Not everyone has a chance to talk with their parents about money situations before problems arise. Millions of older Americans are sick or have cognitive issues such as memory loss, dementia and Alzheimer's.1 Even if everything seems fine on the surface, health conditions may affect their ability to stay on top of their finances.

It's a good idea to keep an eye out for potential red flags, especially if your parents live independently. Here are a few warning signs:

  • They are having memory or mobility issues.
  • There are calls from creditors on their voice mail.
  • The mail is piling up and there are unpaid or unopened bills lying around.
  • They are making large purchases or behaving differently with their money than usual.
  • They talk about someone new helping them with their money or telling them about great investment opportunities.

It can also help to remind your parents about these and other financial pitfalls. If you know about common elder scams going around, let them know. Reassure them that if anything makes them feel uncomfortable, they can talk to you. And if you don't live near enough to your parents to check on them, consider asking someone trustworthy to visit them often and give you updates.

3. Gather the Documents You Need

Once your parents are on board with you helping them protect their assets, the next step is getting an idea of their financial health. That will provide a clear picture of what needs to be done.

Begin collecting documents and information. It may be time-consuming and frustrating if your parents don't have the information handy, so try to be patient. Gathering as much as you can now may make a big difference later on, especially if there's an emergency.

These are the kinds of documents you'll want to collect:

  • Personal information, including birth certificates and marriage records
  • Social Security numbers and benefit information
  • Wills, living wills and powers of attorney
  • Property deeds, vehicle titles and other ownership papers for physical assets
  • Mortgage or other loan documents
  • Rental agreements
  • Life insurance policies
  • Health care insurance information, including Medicare
  • Any other insurance, such as long-term care policies or pet insurance
  • Military service records, including discharge papers, health information or pensions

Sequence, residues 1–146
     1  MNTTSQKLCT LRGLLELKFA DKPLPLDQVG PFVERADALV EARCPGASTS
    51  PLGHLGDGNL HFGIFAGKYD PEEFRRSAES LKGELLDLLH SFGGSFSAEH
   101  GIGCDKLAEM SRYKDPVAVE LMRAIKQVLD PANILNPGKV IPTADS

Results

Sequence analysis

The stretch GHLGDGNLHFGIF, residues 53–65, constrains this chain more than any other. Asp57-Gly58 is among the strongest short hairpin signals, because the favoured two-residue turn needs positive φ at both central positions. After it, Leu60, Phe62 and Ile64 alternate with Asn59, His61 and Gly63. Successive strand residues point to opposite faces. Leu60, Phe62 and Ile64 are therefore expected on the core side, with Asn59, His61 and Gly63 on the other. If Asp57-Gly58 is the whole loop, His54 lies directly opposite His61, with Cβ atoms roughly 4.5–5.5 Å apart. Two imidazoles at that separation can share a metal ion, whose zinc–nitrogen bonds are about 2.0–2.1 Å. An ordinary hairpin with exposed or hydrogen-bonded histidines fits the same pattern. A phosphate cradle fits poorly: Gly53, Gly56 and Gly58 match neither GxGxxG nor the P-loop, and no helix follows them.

• Bank accounts
  • Credit card accounts
  • Investment accounts, including stocks, bonds and certificates
  • Retirement accounts, including 401(k)s, pensions, annuities and individual retirement accounts (IRAs)
  • Additional income records
  • Tax returns from the last three to five years
  • Medical records, including doctor's contact information and copies of prescriptions
  • Contact information for financial professionals, including attorneys and accountants
  • List of monthly bills, memberships and subscriptions
  • Location and key for safety deposit or P.O. boxes
  • Logins and passwords to any online accounts
  • List of beneficiaries
  • Funeral or burial documents

It's a lot of information. One way to keep track of it all is by compiling copies of documents in a binder and keeping it in a safe place. If you opt to save the information to your computer, you might consider creating a backup as well. You may also want to give copies of key documents to your or your parents' lawyer for safekeeping.

4. Request Access to Their Accounts

In some cases, accessing your parent's account information is as easy as logging into a website. But other times, you may need to show proof that you're authorized to have this information. Here are some ways to make access easier:

  • Consider having your parents add you as a joint holder for their bank accounts, giving you full access to them.
  • Ask your parents to add you as an authorized signer on an account, meaning you can deposit and withdraw funds and sign checks.
  • Get added as a representative payee for Social Security benefits, which means their check will go to you to use on their behalf.2
  • Request that your parents designate you as their financial power of attorney, giving you legal authority to act for them for financial matters.